The Vizio Quantum Pro is just okay for watching movies in a dark room. It has a low native contrast ratio, and the local dimming feature is very limited, so there's distracting blooming around bright highlights in dark scenes. It gets decently bright, so bright scenes stand out well, and it has an excellent color gamut, so colors are vibrant and stand out well. The image processor on this TV is very basic, though, and it can't smooth out low-quality content or upscale low-resolution movies on DVD very well.
The Vizio Quantum Pro is great for gaming in HDR. Overall, it delivers an impressive gaming experience with low input lag, a quick response time, and support for advanced gaming features like VRR and 4k @ 120Hz. It has an excellent color gamut in HDR and decent peak brightness, so it's very colorful and vibrant in bright scenes. It doesn't look very good in a dark room, though, as it has a low native contrast ratio and a very limited local dimming feature, and there's distracting blooming around bright highlights in dark scenes.
The Vizio Quantum Pro is great for use as a PC monitor, but there are a few issues with it. It has a great response time and exceptional low input lag, resulting in a smooth, responsive desktop experience. Text from a PC looks good in most supported resolutions. It has a wide viewing angle, which is important as this ensures that the sides of the screen remain uniform when you're sitting close to the TV. It looks good in a bright room, with high peak brightness and excellent reflection handling that ensures glare isn't an issue. On the other hand, it's a poor choice for a dark room, as it has a very low native contrast ratio, and the local dimming feature doesn't work properly when connected to a PC.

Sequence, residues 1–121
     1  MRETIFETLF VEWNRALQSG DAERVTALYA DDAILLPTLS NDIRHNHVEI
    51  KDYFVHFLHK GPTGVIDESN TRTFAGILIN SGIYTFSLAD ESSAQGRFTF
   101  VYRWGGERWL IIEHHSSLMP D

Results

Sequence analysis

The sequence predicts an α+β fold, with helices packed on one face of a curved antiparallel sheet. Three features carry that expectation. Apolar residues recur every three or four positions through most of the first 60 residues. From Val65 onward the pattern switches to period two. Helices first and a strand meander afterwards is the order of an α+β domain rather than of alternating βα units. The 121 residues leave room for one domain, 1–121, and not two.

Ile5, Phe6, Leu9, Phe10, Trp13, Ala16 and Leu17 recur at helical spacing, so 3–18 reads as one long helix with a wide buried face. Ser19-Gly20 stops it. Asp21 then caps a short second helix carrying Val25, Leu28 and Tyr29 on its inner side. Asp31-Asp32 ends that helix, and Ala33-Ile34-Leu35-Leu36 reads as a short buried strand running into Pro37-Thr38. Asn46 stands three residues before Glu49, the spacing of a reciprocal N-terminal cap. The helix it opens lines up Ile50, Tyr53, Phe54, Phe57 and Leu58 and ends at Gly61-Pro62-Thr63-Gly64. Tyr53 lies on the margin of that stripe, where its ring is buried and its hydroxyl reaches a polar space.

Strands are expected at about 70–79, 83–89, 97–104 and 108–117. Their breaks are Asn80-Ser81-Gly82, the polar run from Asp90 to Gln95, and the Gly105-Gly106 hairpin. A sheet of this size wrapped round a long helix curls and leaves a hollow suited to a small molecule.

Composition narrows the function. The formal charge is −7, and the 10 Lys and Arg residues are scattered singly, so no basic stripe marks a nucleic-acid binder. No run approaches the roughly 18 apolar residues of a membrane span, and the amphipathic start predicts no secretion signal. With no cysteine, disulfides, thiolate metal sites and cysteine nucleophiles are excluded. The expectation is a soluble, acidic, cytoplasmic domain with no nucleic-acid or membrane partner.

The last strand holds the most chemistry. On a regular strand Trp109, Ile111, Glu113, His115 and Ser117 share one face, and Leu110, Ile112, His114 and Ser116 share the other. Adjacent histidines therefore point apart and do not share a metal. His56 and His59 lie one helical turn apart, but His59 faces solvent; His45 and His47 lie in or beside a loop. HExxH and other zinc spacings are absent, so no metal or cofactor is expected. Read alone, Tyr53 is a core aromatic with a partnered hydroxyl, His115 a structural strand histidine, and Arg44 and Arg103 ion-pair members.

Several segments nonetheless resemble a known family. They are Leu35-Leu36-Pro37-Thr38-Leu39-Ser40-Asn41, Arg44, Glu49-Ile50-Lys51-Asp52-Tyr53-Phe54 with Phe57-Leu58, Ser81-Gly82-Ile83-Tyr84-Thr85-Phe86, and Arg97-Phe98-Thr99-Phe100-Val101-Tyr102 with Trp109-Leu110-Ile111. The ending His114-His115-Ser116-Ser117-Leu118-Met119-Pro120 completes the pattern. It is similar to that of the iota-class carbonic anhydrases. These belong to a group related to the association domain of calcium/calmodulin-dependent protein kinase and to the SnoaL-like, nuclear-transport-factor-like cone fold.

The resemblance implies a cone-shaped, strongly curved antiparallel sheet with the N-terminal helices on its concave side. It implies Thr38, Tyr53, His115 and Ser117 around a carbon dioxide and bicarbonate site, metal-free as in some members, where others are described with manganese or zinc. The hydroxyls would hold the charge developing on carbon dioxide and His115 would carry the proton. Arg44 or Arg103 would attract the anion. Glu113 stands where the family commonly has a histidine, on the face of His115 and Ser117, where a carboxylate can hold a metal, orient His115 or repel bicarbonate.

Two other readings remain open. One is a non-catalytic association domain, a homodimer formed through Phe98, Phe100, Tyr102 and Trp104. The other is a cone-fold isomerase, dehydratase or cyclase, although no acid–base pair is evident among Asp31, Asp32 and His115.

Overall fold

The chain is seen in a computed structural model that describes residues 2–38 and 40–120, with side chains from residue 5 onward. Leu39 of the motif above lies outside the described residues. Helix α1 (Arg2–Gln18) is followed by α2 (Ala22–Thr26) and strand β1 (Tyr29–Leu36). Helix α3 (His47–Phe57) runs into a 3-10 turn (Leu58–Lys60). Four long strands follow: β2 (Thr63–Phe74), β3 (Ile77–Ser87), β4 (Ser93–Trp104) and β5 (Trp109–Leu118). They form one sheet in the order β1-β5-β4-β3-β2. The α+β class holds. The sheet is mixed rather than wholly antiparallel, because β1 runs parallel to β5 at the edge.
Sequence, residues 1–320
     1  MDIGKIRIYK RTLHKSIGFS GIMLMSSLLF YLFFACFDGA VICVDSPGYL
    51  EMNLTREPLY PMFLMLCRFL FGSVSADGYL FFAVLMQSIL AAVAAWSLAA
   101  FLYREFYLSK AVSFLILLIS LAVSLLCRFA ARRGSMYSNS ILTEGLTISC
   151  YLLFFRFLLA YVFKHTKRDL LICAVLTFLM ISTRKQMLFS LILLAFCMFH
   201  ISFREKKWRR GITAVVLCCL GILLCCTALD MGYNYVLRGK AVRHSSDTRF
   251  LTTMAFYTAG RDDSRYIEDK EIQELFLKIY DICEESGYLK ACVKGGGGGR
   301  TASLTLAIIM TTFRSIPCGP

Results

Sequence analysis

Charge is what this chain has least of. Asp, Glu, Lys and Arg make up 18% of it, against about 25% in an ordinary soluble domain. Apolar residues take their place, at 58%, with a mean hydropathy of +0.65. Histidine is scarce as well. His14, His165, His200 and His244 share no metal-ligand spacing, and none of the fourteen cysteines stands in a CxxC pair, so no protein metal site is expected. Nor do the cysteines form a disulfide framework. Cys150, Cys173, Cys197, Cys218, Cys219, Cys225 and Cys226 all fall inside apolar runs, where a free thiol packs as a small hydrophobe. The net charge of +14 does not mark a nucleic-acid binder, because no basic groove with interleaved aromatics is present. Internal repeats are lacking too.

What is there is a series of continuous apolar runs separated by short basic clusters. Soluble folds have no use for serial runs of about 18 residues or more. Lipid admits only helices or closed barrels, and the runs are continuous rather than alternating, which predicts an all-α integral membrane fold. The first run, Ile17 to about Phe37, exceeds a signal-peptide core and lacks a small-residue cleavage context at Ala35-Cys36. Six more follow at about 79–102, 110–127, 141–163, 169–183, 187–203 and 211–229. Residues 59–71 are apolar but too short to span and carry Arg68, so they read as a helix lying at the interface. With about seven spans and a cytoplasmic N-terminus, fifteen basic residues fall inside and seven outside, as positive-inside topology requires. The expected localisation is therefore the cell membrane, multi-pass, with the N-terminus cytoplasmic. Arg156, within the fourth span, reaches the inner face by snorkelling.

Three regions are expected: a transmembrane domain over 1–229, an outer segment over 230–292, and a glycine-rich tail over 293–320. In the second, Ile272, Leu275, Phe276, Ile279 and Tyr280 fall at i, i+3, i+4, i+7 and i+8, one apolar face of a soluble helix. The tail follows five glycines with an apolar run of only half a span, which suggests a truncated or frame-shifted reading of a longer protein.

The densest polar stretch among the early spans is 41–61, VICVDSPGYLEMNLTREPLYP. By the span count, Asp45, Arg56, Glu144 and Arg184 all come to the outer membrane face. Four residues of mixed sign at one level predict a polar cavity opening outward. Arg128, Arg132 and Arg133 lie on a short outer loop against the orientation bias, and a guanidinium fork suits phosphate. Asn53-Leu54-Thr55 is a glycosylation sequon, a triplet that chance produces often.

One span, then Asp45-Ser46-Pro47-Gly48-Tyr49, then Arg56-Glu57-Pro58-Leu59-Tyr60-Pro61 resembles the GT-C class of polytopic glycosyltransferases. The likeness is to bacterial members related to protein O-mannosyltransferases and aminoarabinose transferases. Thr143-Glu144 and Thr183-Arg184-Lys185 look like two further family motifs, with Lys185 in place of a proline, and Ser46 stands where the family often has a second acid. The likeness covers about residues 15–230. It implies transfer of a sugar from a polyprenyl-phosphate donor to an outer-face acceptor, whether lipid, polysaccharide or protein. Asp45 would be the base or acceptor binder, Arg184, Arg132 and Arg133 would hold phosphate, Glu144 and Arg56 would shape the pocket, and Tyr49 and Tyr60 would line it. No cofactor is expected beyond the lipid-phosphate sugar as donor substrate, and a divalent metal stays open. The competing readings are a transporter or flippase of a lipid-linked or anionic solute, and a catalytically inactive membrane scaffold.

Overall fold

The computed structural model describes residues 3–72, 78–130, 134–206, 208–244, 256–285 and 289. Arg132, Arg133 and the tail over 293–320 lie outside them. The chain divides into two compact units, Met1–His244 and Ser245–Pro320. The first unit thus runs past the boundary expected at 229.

We bought and tested the 65-inch Vizio Quantum Pro, and these results are also valid for the 75-inch size. There's no difference in performance between the two sizes, but Vizio advertises the 75-inch size to have a slightly more powerful picture processor.
|Size||Model Number||Picture Processor|
|65"||VQP65C-84||IQ Ultra Processor|
|75"||VQP75C-84||IQ Ultra+ Processor|
You can see the label for our unit here.
The Vizio Quantum Pro is a basic mid-range TV with a good selection of gaming features but disappointing picture quality in a dark room. Its smart interface is buggy and limited, so an external streaming device like an Apple TV is a must-have with this TV. Overall, it's a bit disappointing for the price, and competing models like the Hisense U7K and the TCL Q7/Q750G QLED offer better performance overall and a smoother user experience.